Gulf Cooperation Council arms race: Who sells to whom

Al Jazeera

The global trade in weapons is booming, with sales to the Middle East surging. Amid regional instability, an arms race is under way among Arab Gulf countries. The members of the Gulf Cooperation Council (GCC) - Qatar, Bahrain, United Arab Emirates, Oman, Saudi Arabia, and Kuwait - have spent billions of dollars on weapons this year alone. Here's a look at the recent deals made. So far in 2018, Saudi Arabia has allocated over $3bn to arms deals.


Saudi Arabia pushes Palestinians to consider nascent U.S. peace plan

The Japan Times

BEIRUT/RIYADH/AMMAN – Saudi Arabia pulled no punches when it condemned President Donald Trump's move to recognize Jerusalem as the capital of Israel. But Palestinian officials say Riyadh has also been working for weeks behind the scenes to press them to support a nascent U.S. peace plan.


How will Iran and Turkey deal with Kurdish state bid?

Al Jazeera

Iran and Turkey may seem like unlikely partners following events of the past few years, especially in Syria. But they are saying the same thing about the recent "Yes" vote in the Kurdish referendum, as neither want Kurdish people living in northern Iraq to secede. Iran's Supreme Leader Ali Khamenei and President Hassan Rouhani welcomed him to discuss curbs on the Kurds' dream of their own homeland. Turkey is threatening to stop buying oil from the Kurdish Regional Government in Iraq, while Iran has mobilised troops on its border with the region. What more can de done, beyond an economic embargo?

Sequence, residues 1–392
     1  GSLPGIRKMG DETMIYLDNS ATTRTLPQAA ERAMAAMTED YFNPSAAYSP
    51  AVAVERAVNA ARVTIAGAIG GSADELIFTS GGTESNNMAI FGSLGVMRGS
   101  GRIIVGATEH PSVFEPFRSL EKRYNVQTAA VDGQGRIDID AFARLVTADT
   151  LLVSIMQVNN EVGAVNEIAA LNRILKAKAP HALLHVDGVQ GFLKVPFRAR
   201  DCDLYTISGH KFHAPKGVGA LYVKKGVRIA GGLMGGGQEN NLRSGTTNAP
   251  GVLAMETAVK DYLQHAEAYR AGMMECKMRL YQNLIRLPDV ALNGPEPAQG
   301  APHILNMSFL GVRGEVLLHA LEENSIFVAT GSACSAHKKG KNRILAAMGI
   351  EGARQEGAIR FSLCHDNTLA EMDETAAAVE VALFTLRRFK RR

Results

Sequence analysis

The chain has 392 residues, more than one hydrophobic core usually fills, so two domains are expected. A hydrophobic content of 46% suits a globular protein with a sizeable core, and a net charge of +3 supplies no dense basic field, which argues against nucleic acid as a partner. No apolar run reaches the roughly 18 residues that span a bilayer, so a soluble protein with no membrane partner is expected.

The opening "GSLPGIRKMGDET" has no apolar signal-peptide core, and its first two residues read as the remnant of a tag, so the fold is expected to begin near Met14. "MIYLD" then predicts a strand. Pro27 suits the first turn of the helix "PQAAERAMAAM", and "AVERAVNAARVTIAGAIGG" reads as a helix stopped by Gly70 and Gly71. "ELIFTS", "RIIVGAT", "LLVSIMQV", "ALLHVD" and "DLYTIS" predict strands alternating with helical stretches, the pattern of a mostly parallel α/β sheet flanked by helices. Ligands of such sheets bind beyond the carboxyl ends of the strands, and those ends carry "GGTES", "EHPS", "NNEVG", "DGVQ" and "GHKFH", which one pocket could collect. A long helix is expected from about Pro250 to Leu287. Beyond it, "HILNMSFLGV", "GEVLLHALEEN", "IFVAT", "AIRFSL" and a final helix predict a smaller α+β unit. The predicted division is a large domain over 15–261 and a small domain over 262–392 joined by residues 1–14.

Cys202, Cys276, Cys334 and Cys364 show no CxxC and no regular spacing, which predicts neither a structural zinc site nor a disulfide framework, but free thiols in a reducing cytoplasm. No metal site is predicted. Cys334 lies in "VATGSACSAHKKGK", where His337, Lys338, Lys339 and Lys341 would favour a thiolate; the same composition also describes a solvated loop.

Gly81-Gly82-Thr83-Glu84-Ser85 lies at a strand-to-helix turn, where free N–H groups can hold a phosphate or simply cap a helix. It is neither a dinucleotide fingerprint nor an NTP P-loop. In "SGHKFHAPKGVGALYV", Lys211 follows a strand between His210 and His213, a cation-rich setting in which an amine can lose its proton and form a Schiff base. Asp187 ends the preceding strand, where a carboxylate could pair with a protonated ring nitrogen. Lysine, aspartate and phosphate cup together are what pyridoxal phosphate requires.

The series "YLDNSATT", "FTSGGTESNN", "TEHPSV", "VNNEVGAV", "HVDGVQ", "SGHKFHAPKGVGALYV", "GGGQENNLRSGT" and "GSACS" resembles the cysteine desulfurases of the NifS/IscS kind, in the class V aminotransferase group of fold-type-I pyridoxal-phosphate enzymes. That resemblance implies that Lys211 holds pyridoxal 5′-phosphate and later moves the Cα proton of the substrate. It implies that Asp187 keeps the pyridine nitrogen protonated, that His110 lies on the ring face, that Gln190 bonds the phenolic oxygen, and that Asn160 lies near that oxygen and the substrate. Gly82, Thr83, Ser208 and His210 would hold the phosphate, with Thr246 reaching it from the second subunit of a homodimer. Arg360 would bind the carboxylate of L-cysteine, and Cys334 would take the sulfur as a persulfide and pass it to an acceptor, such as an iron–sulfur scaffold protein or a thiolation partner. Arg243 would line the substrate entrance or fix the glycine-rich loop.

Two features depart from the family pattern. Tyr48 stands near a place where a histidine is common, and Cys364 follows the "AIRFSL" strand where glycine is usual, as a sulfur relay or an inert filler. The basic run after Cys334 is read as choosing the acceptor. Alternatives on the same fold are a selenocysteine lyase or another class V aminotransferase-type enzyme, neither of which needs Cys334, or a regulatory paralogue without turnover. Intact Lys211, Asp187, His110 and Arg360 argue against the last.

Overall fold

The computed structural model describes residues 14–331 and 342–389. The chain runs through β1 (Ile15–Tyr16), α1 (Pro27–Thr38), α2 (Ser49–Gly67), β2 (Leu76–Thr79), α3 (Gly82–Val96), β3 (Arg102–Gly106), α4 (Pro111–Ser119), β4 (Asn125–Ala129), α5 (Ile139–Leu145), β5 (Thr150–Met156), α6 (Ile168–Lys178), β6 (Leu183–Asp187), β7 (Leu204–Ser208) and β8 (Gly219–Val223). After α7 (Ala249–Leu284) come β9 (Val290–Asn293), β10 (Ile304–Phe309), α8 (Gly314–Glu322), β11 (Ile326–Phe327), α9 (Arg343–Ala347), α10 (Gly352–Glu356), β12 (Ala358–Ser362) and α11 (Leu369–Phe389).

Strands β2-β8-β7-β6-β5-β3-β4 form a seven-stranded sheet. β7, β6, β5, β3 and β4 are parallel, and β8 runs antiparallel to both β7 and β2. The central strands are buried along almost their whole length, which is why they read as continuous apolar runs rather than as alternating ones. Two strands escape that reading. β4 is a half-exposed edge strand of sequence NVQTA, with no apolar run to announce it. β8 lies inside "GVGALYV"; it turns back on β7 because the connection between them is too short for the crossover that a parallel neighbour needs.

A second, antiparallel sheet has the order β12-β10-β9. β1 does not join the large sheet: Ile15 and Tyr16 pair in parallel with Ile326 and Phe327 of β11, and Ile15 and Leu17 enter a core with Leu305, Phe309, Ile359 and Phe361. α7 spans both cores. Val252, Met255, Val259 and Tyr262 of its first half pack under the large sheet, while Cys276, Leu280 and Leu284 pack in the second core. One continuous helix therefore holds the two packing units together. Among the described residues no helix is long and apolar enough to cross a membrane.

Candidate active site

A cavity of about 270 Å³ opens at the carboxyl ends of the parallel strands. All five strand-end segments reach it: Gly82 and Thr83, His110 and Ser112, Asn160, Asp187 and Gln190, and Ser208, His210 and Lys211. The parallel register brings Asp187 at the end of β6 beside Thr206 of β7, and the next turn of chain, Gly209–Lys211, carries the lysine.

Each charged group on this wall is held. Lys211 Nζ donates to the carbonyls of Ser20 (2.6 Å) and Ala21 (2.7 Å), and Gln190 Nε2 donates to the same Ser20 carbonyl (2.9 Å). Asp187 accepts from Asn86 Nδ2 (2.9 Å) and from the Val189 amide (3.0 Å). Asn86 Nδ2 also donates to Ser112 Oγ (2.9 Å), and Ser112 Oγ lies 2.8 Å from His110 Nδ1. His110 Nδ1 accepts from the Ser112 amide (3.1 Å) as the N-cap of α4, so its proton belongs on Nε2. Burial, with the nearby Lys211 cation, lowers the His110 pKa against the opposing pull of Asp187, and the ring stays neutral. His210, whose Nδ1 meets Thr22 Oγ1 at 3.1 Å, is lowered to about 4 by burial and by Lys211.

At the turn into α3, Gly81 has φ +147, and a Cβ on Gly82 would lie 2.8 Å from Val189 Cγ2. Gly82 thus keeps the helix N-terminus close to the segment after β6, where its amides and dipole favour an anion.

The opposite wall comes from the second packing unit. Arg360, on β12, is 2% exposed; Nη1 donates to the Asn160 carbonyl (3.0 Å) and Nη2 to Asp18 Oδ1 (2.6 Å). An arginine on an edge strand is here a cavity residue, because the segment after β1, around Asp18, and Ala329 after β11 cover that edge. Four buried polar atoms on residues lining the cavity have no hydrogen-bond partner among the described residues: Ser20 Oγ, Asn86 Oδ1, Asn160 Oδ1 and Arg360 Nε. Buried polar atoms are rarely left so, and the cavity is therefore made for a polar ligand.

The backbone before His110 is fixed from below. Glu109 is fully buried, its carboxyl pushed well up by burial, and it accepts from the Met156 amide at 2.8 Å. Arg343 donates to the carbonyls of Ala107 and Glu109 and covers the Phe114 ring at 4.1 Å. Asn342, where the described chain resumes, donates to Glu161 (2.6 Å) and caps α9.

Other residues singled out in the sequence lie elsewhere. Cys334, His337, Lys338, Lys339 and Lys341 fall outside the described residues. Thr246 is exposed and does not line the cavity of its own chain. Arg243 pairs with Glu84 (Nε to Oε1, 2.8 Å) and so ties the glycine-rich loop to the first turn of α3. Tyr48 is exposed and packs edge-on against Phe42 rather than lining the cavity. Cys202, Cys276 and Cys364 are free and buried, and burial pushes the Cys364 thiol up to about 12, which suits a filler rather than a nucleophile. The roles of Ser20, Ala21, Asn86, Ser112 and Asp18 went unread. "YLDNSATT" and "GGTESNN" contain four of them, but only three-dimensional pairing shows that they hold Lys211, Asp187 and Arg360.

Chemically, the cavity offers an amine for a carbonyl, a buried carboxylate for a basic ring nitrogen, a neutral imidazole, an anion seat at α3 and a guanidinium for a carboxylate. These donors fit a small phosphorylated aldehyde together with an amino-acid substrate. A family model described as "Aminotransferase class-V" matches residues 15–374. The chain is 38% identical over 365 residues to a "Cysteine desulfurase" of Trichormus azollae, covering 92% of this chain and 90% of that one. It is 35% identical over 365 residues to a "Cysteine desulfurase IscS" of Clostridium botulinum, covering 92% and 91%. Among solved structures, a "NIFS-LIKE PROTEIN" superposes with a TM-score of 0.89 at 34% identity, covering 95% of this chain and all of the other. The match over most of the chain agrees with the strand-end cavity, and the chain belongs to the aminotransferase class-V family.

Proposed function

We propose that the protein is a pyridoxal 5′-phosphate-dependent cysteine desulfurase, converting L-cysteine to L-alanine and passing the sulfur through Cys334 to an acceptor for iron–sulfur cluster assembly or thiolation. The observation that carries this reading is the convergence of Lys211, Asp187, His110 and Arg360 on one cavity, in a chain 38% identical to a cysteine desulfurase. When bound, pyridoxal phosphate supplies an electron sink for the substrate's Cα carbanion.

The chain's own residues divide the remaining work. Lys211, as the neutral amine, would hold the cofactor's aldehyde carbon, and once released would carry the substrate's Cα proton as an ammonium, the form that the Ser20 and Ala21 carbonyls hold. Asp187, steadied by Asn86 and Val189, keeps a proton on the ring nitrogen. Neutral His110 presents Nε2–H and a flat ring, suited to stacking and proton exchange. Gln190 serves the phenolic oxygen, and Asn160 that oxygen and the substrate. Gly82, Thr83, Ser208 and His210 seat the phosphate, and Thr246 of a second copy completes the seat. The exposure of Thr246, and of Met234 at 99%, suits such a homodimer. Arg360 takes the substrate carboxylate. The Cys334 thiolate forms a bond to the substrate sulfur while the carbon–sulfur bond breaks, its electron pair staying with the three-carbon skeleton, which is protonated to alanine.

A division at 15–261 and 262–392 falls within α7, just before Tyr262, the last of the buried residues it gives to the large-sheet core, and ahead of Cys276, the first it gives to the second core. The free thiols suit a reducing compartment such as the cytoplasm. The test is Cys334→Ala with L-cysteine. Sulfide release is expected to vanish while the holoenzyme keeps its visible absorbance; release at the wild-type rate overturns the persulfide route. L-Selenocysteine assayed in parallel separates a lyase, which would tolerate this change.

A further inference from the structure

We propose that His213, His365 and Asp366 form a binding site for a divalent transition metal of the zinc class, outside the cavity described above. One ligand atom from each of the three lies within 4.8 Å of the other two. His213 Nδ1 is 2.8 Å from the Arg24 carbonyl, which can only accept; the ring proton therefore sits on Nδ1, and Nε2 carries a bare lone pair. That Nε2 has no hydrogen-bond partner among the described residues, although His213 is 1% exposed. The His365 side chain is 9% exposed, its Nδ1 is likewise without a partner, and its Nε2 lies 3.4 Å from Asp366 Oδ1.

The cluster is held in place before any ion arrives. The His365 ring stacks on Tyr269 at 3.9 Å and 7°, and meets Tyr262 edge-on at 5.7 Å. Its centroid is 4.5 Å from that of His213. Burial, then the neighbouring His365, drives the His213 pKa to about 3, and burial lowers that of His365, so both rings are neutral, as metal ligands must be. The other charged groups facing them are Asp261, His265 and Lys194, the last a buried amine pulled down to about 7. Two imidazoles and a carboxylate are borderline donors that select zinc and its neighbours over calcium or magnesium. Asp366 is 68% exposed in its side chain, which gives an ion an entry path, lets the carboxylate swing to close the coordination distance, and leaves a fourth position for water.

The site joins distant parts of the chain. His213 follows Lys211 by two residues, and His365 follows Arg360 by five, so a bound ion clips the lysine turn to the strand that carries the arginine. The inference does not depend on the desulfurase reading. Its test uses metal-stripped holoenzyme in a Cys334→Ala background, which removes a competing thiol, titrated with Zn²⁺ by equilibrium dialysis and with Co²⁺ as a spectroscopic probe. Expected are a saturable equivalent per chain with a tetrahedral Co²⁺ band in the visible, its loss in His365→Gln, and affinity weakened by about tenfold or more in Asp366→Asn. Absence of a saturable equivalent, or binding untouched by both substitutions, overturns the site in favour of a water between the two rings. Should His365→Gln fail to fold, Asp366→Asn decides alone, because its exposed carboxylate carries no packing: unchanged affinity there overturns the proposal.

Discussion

For sake of summit, Japan snubbed G-7 leaders in condemning Russia for Syria crisis

The Japan Times

The government declined calls for Prime Minister Shinzo Abe to join Western leaders in condemning Russia in December over the Syrian civil war, fearing that doing so would negatively affect his impending summit with Russian President Vladimir Putin, diplomatic sources said. Japan's dissociation from that action, despite its role this year as chair of the Group of Seven industrialized nations, has drawn criticism that it put its interests ahead of the humanitarian crisis in the city of Aleppo and damaged G-7 solidarity. In a statement issued Dec. 7, the leaders of Britain, Germany, France, Italy, Canada and the United States called for an immediate cease-fire in Aleppo, condemned the Syrian government for its attacks, and condemned Russia, Syria's chief backer, for blocking humanitarian aid. It also called on the United Nations to investigate reports of alleged war crimes and evidence to hold perpetrators responsible, while singling out Russia for preventing the U.N. Security Council from working effectively to end atrocities in Aleppo. Sources close to the G-7 said that with the exception of Japan, the leaders of its member countries, including U.S. President Barack Obama and German Chancellor Angela Merkel, backed the statement.


Syrian Kurdish Official Praises US Decision to Provide Arms

U.S. News

The Trump administration announced Tuesday it will arm the Kurdish-led Syrian Democratic Forces "as necessary" to recapture the Islamic State stronghold of Raqqa. NATO ally Turkey strongly objects to the alliance because it sees the Kurds as an extension of the insurgency raging in its southeast.